Overall, working with the new WordPerfect Office X5 suite has been a good experience, punctuated with periodic intense aggravation.
By: Larry Seltzer
Yes, there is still a WordPerfect, and yes, Corel is still developing and updating the product. And it might even be a good solution for many users, even if some of its selling points are oversold.
Corel says that WordPerfect dominates the non-Microsoft part of the desktop office suite market-an obvious swipe at OpenOffice.org and StarOffice. The company says it remains especially strong in particular vertical markets such as law and government.
I tested the new WordPerfect Office X5 suite on Windows (its only platform) and was more disappointed than pleased. The core word processing features are quite good and the user interface to all the main programs seems refreshingly straightforward compared to the newer Microsoft Office versions. I used the WordPerfect word processor for several stories before writing this review and overall it's been a good experience, punctuated with periodic intense aggravation.
For this version of WordPerfect Office, the company is stressing improved PDF tools: All programs in the suite can create PDFs, and WordPerfect can open and edit them. This includes integrated OCR for PDFs containing images of text. PDF publishing supports password protection but not digital signing.
The new suite also includes improved integration with document management systems, including Microsoft SharePoint. Web service interfaces let you populate documents with live data feeds from the Internet. A limited version of Nuance's PaperPort document and image manager is also included.
In recognition that it's a Microsoft Office world, all the main programs in the suite offer more than one user interface mode: a native mode, the Microsoft Office mode and perhaps more, like the Lotus 1-2-3 mode in Quattro Pro. I generally used the native modes, which all seemed intuitive-more so than the typical Microsoft Office program these days.
No problems with installation
My installation of a single copy went without a problem. The Windows version is built with MSI files, and Corel has a 100-page deployment guide that describes how to create customized server images, perform command line installs, pull or push the software, deploy patches and perform other maintenance.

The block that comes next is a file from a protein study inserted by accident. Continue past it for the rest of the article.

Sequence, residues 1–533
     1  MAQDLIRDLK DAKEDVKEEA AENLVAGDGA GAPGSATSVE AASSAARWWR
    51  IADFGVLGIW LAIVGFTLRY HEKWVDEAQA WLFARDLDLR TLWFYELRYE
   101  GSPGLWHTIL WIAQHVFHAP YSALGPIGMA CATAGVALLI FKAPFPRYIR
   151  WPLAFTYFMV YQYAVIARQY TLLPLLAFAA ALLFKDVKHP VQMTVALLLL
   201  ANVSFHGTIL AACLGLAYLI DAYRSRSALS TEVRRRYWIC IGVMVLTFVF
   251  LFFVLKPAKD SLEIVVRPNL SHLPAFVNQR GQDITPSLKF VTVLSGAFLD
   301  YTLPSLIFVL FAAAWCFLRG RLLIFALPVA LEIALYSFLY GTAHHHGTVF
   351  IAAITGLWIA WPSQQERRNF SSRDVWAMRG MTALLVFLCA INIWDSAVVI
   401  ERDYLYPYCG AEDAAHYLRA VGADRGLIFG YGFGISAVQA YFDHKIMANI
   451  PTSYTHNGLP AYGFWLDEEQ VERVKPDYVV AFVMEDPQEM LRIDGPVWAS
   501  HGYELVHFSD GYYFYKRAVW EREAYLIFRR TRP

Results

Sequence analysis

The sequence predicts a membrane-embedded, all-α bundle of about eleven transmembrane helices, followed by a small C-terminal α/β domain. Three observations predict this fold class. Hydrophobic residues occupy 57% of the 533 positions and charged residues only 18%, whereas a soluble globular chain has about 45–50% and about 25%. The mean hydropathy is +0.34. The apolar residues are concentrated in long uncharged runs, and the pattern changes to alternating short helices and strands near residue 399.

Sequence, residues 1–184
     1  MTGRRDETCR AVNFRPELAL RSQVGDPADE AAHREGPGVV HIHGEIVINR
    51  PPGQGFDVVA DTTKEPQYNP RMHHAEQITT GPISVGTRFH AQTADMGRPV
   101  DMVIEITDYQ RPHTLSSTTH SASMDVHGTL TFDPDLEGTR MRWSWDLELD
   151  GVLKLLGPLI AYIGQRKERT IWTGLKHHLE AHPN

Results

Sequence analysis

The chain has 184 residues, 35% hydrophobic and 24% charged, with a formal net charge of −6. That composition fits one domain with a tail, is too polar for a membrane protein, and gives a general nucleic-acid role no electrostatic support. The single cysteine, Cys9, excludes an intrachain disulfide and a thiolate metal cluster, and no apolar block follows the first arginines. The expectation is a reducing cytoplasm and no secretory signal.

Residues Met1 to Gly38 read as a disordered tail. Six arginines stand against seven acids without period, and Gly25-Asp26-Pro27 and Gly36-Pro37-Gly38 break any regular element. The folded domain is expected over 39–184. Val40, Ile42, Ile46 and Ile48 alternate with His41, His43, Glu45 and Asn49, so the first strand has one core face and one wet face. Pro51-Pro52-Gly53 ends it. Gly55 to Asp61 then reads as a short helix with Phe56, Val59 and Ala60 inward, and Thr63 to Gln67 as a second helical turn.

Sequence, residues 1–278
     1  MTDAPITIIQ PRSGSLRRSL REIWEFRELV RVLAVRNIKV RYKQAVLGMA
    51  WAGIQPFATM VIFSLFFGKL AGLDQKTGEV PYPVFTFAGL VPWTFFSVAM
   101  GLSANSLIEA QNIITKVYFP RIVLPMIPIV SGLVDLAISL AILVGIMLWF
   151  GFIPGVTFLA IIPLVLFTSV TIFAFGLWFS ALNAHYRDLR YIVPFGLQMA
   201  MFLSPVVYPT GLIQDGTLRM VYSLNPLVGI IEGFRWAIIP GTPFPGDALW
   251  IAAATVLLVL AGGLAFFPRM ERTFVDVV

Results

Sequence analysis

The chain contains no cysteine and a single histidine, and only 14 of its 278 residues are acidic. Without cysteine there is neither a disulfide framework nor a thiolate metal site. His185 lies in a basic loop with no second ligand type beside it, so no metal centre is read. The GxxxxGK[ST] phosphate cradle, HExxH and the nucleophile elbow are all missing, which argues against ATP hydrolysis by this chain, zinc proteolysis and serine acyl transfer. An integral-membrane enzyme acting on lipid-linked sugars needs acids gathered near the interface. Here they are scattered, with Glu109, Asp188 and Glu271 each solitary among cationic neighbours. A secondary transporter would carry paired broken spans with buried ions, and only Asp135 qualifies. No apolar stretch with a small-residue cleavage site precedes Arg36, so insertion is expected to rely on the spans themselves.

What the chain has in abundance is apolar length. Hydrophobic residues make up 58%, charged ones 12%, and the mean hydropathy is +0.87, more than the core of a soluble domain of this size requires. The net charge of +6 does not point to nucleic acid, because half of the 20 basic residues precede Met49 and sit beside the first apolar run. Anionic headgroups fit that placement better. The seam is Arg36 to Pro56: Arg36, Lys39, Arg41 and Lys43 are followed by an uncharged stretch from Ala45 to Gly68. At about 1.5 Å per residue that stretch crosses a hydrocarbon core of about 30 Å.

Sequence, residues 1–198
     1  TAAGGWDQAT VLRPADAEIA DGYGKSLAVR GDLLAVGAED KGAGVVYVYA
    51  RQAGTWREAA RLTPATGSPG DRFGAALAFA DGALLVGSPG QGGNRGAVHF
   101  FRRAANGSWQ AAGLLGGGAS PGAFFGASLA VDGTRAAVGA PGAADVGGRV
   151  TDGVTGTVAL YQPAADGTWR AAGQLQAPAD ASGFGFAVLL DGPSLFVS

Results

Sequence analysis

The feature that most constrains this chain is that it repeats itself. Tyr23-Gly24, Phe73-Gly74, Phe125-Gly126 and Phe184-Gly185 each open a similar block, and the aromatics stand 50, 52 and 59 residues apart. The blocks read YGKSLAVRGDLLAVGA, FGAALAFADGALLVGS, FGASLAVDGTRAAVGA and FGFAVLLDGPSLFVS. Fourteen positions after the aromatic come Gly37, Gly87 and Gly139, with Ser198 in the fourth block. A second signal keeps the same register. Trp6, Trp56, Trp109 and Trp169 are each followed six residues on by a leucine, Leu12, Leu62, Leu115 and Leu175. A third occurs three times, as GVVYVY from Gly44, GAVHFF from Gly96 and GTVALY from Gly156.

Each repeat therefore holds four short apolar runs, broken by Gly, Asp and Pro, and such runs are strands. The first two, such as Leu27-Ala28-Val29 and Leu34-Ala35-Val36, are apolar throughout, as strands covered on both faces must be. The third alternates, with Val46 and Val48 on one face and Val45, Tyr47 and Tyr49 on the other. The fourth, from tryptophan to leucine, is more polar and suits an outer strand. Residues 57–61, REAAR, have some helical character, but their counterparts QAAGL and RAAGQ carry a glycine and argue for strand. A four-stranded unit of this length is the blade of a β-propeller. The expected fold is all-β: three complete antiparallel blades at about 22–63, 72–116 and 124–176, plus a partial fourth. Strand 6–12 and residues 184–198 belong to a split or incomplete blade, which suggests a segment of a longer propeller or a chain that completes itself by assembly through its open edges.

The file open and save dialogs in WordPerfect Office are a trip down file-format memory lane: It supports any version of AmiPro, Volkswriter, XyWrite or Multimate you might want. What you really need, of course, are .DOC and .PDF. In my tests of these, simple documents imported well enough, but I had a lot of problems with complex ones.
I imported PDF files created from a variety of sources, from Acrobat to Microsoft Word and Nuance PDF Professional. The PDFs were usually close, but never exactly what they should have been, in WordPerfect. The software would often create text columns in the imported document, but they wouldn't line up properly. It also had trouble with some embedded graphics. I had much better luck with the same files in Nuance's PDF Converter.
And the WordPerfect's published PDF files are on the heavy side. A 51KB PDF document I created in Nuance PDF Converter-imported and edited in WordPerfect and then republished-came out at 135KB. I had made changes, but added no new significant content.
Some of the test documents, including an IRS W-9 form, are fairly complex. The W-9 includes sideways text, many boxes, shading and other distractions for OCR. But scanning and file import were problematic even with simpler documents.
My luck was better with DOC and DOCX documents, but there were some significant problems there, too. One Word document became completely unusable inside of WordPerfect, whether it had been saved as DOC or DOCX by Word 2007. Corel said that the document used an old template that had been tweaked (which is true). This gives them problems, but they say they are getting better at these things over time.
A lot to love
Once you get past all that, there is a lot to love about WordPerfect, including the famous reveal codes feature. These days, reveal codes looks like a precursor to markup languages such as HTML, and perhaps it was a predictor of why HTML became so popular: It makes format markup so much more obvious. This feature alone, all other reservations aside, makes me consider using WordPerfect regularly.
WordPerfect Office includes a copy of Mozilla's Thunderbird. It's a nice mail client, but it only supports POP3 and IMAP, making it inadequate for most enterprises. Corel says they are working on MAPI support, which they will contribute back to Mozilla.
Quattro Pro X5 is the spreadsheet program and now supports reading XLSX files and publishing PDFs. I tested some fairly complex Excel spreadsheets and, while I didn't delve into the reasons for it, it calculated different numbers than Excel did. And I know the Excel numbers are correct. Quattro Pro may be correct within limitations of conversion of which I'm unaware, but it's still disappointing.
Presentations X5 worked well for me, reading PPTX files reasonably well.
If the bottom line on WordPerfect Office were the price then, at $159.99 for the upgrade and $249.99 for the full version, it would be a winner compared to Microsoft Office. But there's more to these programs than price. The only really interesting part of the suite is the word processor. If you don't like Microsoft Word, you may really like WordPerfect, but cross your fingers.